Wordpress & Web Development

How To Edit Thousands of WordPress Posts With Just One SQL Command

Ryan Dube 25-11-2011

Owning and running a WordPress blog is a lot of fun, especially when you first get started. Designing the site or picking a cool theme, and writing up those first few posts in anticipation of the huge swarm of people that you’re certain are headed your way. It doesn’t take long for reality to hit, and before you know it you don’t like the theme, the visitor flow is no more than a trickle, and you realize that your web host doesn’t quite have the horsepower you need.


Growing a blog takes years, and a whole lot of pain and struggle – I’m sure Aibek would testify to that. Then there are the major transitions, when you realize that you have to make some major changes, and it’s going to take a whole lot of work.

There are a number of major changes I’ve had to make on my own blog, but one of the most difficult was due to the fact that I had used a certain manual method to insert Google adverts into my blog articles.

Changing Posts With A Single SQL Command

The problem is that after several years of running the blog, I had nearly 1,000 posts with that Google advert manually inserted. If I ever wanted to make a change, that’s a thousand posts I’d have to edit.

I wanted to use that cool in-post template add-on that I wrote about in 2010.  This would automate the insertion of adverts moving forward, but if I used it without removing all of those existing adverts, I’d end up with two ads in the old articles.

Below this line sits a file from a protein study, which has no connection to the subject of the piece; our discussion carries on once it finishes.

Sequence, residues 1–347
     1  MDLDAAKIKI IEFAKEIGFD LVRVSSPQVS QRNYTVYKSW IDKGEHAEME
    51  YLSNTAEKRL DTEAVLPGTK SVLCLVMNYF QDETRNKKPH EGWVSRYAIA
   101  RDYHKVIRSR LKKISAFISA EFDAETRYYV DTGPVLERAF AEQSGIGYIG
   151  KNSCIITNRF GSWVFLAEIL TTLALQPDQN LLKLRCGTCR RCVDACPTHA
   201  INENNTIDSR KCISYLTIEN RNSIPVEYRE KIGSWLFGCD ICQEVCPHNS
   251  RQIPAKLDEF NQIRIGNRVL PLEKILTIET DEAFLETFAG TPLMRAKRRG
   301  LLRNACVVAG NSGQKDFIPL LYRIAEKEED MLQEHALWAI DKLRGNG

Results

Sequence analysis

To remove the old advert , I had to perform a little bit of SQL magic, and I’m going to share that with you today. The action takes place in phpMyAdmin, and you’ll need to select the database of your blog from the left menu.


how to edit wordpress

The code that you’re going to use to strip sections of your content will be in the SQL tag. What I mean by that is the code I’m going to show you, you’ll be able to use to remove any content that exists on multiple blog posts, from 2 to 200 – or more. The only requirement is that what you want to remove has to have a common start text and an end text – like a Google advert has a common start tag and an end tag.

wordpress edit page

This is what my newer blog entries look like, with the ad manually inserted right after the “more” tag on every page, aligned on the right.


wordpress edit page

The way this code is laid out on the page looks like this:

wordpress edit page

As you can see, I have a “script type” start tag that I can use at the start of every advert, and a “script src” tag I can use at the end.


So here’s how it works. You need to tell the SQL “update” command that you want to completely wipe out that block of your page. You’ll need to understand three basic MySQL functions – replace, substr and locate.

First, use LOCATE to tell the command the locations of the start and end points. In my case, I use the strings at the start and end of the section I want to remove. The start location on the page of the beginning is:

LOCATE ('<script type="text/javascript">', post_content)

The end location is trickier. Locate gives you the start of the string, so you have to add the number of characters to the very end of the string to get the ending location.

LOCATE('<script src='http://pagead2.googlesyndication.com/pagead/show_ads.js" type="text/javascript">', post_content) + 93

Next, you’re going to need to tell the “REPLACE” function exactly what text you want to replace. You do this by extracting the actual string out of the post content, using the SUBSTR function. You have to pass it the starting location (which you now have) and the length. The length you need to calculate by subtracting the starting position from the last position (which you also have).


Here is what that looks like, with the code above inserted into the SUBSTR function: